Ontario Blue Box recovery rate slips, but paper steady

The reported recovery rate of Ontario’s residential Blue Box system has fallen to its lowest level since 2005. The draft recovery rates, to be finalised by Stewardship Ontario in December, show a 2016 recovery rate of 62.4%, down 2% on the previous year. This will make the recent “request” by Ontario’s minister of environment and climate change for a new Blue Box recovery rate of 75% rather interesting.

Some 75% of what’s currently being recovered is paper of one kind or another, the same as it was back in 2003. Printed paper (newspapers, magazines and catalogues, telephone books and printing and writing paper) has the highest recovery rate overall (81%), followed by glass packaging (70%), paper packaging (67%) and steel packaging (63%).

Paper packaging is the only material grouping whose recovery rate has either stayed at the same level or improved in every category (boxboard up 9%), with corrugated boxes again the recovery leader overall at a hard-to-believe 98 per cent.

The glass recovery rate has dropped significantly from 2015 but the Blue Box laggards continue to be aluminum and plastics packaging at 38% and 29% recovery respectively. Plastics packaging recovery has gone down in almost every category and now represents 43% of what ends up going to disposal (on a weight basis). It’s also by far the most expensive material to recover (the net cost of recovering plastic film, for example, is listed at $2,646 a tonne).

Here are the latest (draft) numbers for 2016 with a comparison to 2015 and way back to 2003.

Nothing is 100% recyclable or 100% compostable

Claims for 100% recyclable and 100% compostable seem to be proliferating. Are they accurate? Are they legal? Or are they just another form of greenwash?

It’s not surprising that North American consumers are confused. Because in common speech, the words “recyclable” and “compostable” can mean three different things:

  • technically recyclable or compostable, meaning that the product can be physically taken apart for recycling or broken down for composting
  • able to be collected, meaning that the municipality or service provider says you can put it out for recycling or composting collection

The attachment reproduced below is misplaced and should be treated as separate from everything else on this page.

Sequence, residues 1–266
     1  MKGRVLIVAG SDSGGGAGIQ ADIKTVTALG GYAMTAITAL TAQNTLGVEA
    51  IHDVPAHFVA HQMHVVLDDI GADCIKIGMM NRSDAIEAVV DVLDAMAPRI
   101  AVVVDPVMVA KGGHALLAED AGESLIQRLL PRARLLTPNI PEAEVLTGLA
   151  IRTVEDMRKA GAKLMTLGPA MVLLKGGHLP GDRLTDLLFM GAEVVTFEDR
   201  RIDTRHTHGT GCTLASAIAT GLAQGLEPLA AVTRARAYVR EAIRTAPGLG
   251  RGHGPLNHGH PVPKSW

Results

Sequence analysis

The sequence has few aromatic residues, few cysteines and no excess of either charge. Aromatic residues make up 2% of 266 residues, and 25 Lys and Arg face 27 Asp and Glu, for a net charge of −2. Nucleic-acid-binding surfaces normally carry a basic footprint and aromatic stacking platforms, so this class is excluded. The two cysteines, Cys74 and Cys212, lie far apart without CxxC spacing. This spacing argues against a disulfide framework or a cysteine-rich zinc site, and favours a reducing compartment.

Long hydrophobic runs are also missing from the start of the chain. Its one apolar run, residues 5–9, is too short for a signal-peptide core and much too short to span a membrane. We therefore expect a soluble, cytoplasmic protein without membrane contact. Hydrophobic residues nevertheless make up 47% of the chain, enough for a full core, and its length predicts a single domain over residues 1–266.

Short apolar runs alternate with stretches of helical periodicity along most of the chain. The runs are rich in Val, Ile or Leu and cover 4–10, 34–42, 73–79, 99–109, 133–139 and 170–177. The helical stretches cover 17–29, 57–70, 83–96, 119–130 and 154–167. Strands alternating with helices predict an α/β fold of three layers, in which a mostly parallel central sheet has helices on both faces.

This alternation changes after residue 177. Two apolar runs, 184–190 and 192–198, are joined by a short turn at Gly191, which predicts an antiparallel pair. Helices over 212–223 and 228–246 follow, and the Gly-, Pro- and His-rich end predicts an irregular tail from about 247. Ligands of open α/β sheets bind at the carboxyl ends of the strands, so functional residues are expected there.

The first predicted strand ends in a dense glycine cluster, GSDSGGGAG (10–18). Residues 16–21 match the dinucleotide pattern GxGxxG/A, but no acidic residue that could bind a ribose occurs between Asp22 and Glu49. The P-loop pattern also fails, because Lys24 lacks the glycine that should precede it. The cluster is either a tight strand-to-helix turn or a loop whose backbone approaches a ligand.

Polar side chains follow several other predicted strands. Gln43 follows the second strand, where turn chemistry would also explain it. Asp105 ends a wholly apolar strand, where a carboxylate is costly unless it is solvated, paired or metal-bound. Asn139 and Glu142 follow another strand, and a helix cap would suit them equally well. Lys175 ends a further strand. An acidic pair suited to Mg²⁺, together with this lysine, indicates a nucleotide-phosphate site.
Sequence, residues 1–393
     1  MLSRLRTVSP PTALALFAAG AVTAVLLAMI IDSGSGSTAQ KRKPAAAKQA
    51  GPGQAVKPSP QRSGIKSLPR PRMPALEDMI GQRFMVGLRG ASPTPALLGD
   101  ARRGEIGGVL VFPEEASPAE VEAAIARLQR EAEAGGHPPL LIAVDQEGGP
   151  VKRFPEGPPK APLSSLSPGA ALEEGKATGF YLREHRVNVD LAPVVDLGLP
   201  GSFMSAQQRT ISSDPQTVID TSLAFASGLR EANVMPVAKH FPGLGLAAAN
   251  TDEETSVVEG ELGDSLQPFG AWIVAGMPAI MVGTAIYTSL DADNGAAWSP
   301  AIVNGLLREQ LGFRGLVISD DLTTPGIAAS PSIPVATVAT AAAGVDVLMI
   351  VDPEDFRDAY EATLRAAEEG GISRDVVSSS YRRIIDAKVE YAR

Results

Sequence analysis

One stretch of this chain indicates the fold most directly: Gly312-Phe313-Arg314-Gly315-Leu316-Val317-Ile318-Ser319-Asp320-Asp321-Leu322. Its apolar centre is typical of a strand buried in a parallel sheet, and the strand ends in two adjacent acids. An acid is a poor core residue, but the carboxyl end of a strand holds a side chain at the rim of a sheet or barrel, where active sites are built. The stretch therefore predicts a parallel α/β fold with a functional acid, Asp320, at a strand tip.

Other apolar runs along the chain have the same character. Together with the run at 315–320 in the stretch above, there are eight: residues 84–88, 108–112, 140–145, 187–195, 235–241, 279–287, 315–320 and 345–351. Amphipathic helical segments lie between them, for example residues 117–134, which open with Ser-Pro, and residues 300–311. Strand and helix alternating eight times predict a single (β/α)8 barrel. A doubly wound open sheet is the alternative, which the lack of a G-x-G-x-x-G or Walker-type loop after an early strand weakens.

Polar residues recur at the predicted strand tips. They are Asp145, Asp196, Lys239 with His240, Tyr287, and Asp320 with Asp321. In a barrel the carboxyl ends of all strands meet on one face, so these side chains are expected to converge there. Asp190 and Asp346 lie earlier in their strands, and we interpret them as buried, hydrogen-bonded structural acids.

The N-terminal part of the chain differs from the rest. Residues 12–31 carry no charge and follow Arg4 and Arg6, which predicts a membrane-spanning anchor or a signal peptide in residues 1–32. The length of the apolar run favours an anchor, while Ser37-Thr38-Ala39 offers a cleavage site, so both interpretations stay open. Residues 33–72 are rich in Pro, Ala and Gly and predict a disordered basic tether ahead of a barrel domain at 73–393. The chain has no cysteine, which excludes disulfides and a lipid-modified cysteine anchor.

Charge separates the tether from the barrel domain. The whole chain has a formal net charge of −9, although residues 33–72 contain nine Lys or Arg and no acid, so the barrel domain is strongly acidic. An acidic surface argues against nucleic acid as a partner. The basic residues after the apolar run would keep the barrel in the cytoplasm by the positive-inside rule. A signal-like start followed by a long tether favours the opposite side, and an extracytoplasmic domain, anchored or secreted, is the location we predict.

• that the product or material is commonly being recycled or composted already.

Each of these meanings is significantly different. But in terms of environmental labelling, which is what we are talking about here, the Competition Bureau Canada will accept only one. And that is whether the consumer can actually send the product or material for recycling or composting. It does not matter whether the product or material is technically capable of being torn apart or composted. It does not matter what the actual recycling or recovery rate of that material might be (that’s a whole other issue). What does matter is how many Canadians have access (“reach” in the US) to the recycling (or composting) of that product or material.

And the Competition Bureau has guidelines on how that access is determined and when you can use the words: “It is recommended that if at least half the population has access to collection facilities, a claim of recyclable (or compostable) may be made without the use of any qualification.” If less than half the population has access, claims must be qualified: “the specific location of the recycling (or composting)programs or facilities should be identified whenever it is possible and practical to do so.” (10.1.3).

Recyclable and compostable claims, then, are based on whether and to what extent consumers have access to recycling or composting facilities. Putting 100% in front of these words, however, Nothing is 100% recyclable or 100% compostabletakes the issue to a whole new level. We are not lawyers, but to us the clear inference consumers would draw from a claim of “100% recyclable” or “100% compostable” is that 100% of Canadians have access to the recycling (or composting) of that product or material. And that is plainly not true.